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Human-Specific Changes of Genome Structure Detected by Genomic Triangulation

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Science  13 Apr 2007:
Vol. 316, Issue 5822, pp. 235-237
DOI: 10.1126/science.1139477
  • Fig. 1.

    Detection by genomic triangulation of a human-specific breakpoint induced by an insertion. In the example shown (left), blockset construction revealed one long conserved block for a chimp-rhesus comparison. However, blocks from human-chimp and human-rhesus blocksets align except for a gap, which suggests that there has been a human-specific insertion. This is further illustrated by the pairwise gapsets. Pairwise blocksets and gapsets between extant species are represented by primary colors (red, blue, and yellow) and those between an extant species and the ancestor are represented by complementary colors (purple, green, and orange). Gapsets are represented as gap maps, with white circles representing gaps and circle coordinates indicating sizes of the gaps in specific genomes. Gapsets on the left indicate breakpoints in human-chimp and human-rhesus pairwise comparisons due to the human breakpoint. Ancestral gapsets on the right indicate the breakpoint between human and the ancestor.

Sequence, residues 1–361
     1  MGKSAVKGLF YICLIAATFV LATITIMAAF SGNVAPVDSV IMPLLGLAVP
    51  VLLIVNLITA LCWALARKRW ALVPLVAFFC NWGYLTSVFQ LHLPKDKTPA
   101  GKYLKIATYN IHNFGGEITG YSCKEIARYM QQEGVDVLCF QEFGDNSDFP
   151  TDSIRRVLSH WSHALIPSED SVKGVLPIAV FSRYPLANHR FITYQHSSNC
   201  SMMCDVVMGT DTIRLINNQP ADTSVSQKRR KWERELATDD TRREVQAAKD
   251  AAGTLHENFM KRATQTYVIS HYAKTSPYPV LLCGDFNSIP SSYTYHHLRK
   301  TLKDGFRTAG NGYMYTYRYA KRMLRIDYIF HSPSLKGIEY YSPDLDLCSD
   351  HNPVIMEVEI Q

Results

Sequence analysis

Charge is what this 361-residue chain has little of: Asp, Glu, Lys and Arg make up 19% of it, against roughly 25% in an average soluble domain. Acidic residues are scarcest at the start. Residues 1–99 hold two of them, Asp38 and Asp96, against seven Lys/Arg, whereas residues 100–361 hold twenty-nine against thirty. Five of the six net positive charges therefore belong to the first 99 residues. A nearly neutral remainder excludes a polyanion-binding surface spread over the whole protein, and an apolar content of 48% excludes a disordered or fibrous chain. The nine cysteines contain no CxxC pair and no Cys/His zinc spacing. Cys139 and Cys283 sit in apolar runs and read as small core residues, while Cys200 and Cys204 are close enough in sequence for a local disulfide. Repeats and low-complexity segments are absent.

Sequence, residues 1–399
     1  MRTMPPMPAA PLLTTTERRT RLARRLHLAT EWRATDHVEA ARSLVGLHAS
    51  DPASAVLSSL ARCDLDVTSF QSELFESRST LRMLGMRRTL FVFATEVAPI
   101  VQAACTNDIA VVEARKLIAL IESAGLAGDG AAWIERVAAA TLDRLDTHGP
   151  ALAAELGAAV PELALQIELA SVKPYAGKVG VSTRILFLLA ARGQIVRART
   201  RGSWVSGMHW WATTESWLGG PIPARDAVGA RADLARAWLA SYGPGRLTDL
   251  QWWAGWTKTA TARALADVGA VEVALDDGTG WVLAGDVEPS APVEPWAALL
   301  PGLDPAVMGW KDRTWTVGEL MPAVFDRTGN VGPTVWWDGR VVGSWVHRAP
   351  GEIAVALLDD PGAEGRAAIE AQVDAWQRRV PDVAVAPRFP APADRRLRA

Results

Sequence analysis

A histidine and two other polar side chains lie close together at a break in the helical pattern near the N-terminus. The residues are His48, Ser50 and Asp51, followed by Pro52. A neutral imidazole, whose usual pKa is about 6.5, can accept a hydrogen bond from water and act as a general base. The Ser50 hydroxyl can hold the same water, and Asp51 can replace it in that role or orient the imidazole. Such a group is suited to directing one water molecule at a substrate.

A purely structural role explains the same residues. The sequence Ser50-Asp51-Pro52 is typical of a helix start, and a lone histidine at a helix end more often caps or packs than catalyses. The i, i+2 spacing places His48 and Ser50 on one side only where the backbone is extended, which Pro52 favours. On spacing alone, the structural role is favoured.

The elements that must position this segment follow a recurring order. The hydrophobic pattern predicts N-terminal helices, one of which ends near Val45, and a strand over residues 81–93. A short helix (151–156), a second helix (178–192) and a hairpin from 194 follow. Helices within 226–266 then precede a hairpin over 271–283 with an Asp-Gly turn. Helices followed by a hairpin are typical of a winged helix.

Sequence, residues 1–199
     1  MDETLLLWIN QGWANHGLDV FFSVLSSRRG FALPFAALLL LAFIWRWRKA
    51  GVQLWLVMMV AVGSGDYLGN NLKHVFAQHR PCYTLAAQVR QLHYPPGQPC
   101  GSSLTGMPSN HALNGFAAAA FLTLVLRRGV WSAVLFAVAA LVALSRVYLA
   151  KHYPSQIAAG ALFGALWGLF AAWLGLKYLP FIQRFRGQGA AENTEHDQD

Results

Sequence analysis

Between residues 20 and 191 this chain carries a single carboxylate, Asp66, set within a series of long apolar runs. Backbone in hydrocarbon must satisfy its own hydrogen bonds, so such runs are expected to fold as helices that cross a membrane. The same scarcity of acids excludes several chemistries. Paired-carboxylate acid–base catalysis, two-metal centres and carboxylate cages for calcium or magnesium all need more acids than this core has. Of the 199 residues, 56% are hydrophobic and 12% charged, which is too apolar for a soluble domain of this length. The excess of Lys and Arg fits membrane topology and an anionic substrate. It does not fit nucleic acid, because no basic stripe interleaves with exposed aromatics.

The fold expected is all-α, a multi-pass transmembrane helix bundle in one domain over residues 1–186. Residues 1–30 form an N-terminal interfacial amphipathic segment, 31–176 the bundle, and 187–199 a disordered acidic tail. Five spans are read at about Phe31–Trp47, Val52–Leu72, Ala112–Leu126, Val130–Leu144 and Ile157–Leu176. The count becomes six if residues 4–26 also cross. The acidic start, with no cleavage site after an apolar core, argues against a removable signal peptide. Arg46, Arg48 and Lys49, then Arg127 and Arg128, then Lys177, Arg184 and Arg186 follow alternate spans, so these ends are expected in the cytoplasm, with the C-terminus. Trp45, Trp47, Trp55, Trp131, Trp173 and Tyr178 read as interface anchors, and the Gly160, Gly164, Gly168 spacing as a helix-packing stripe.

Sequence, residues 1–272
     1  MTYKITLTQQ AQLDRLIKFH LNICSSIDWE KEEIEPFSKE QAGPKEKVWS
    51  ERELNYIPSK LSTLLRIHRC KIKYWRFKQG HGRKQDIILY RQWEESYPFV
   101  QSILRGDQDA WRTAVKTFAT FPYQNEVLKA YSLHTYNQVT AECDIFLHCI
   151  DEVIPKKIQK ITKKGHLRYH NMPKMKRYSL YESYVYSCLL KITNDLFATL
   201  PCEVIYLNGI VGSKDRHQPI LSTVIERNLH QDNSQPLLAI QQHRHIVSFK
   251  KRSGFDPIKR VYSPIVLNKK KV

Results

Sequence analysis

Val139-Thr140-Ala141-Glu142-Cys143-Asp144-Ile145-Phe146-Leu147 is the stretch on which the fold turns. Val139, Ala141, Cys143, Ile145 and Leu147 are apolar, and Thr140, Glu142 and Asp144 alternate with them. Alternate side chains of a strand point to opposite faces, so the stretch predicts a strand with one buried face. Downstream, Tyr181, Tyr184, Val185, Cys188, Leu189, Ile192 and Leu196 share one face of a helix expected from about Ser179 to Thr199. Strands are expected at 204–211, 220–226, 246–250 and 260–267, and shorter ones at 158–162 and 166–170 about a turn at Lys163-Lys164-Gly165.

• Fig. 2.

    Human-specific breakpoints. (A) Chromosome ideograms of 130 human-specific break-points detected by genomic triangulation, with breakpoint counts by chromosome. (B) Gap map with ancestor gap lengths on the x axis and human gap lengths on the y axis. Only gaps greater than 10 kb in at least one of the genomes and smaller than 4 Mb were considered. Some insertions occur to the right of the y = x axis because visual inspection revealed inaccuracies in gap sizing, providing evidence for human insertion. (C) Size distribution of detected human-specific insertions. The percent identity of segmental duplications can indicate the approximate age of duplication events.

Additional Files

  • Human-Specific Changes of Genome Structure Detected by Genomic Triangulation
    R. A. Harris, J. Rogers, A. Milosavljevic

    Supporting Online Material

    This supplement contains:
    Materials and Methods
    Figs. S1 to S3
    Tables S1 to S8
    References and Notes

    This file is in Adobe Acrobat PDF format.

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